The Photographers' Gallery was the first independent gallery in Britain to be solely devoted to photography. It hosts multiple temporary exhibitions, which focus on high-quality international contemporary photography. A visit here is always full of surprises, as no two exhibitions are alike. There's also an excellent bookshop, which stocks over 5000 titles and runs a worldwide mail order service. There is no admission fee, however some exhibitions may be charged.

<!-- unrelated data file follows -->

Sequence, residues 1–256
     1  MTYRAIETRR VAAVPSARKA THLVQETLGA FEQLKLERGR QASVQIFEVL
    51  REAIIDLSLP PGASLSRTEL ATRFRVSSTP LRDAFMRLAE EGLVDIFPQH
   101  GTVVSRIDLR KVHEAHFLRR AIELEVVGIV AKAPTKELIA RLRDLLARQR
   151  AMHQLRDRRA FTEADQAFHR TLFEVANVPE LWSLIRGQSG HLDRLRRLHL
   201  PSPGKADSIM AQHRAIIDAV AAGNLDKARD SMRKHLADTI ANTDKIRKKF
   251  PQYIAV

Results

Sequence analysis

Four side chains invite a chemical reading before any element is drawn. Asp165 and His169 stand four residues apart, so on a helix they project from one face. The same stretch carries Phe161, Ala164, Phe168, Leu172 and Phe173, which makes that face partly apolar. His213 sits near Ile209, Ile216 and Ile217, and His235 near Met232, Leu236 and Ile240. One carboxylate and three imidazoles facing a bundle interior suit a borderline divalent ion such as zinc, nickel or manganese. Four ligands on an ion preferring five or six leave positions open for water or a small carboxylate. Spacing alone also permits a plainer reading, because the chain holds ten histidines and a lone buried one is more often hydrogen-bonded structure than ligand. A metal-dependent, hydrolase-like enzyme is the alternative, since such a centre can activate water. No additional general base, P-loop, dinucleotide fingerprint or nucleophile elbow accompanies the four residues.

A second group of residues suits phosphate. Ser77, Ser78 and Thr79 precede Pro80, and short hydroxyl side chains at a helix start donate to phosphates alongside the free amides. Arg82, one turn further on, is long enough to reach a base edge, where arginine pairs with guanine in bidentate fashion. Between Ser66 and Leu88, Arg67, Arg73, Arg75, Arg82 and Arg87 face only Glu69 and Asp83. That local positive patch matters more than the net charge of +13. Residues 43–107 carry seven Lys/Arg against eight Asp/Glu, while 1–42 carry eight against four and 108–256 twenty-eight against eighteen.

Journey to the clouds where an ethereal vista of the metropolis awaits you, and see the Ben, Eye, Bridge, Palace and Thames in a way like never before. Soaring above London, The View from The Shard is the highest viewing deck in the city, offering 360-degree panoramic views from a spellbinding height of 244 meters (800 feet). Opened to the public in early 2013, this iconic attraction above The Shard is based on three levels- 68, 69 and 72. Supersonic elevators fitted with multimedia take you to 'The View' in merely ear-popping 30 seconds. From the topmost level on floor 72, the spectacular view of the shimmering city unravels and if you look above then you will see the shards of glass melting into the heavens. This one is truly an experience you can't afford to miss, so book your tickets ahead.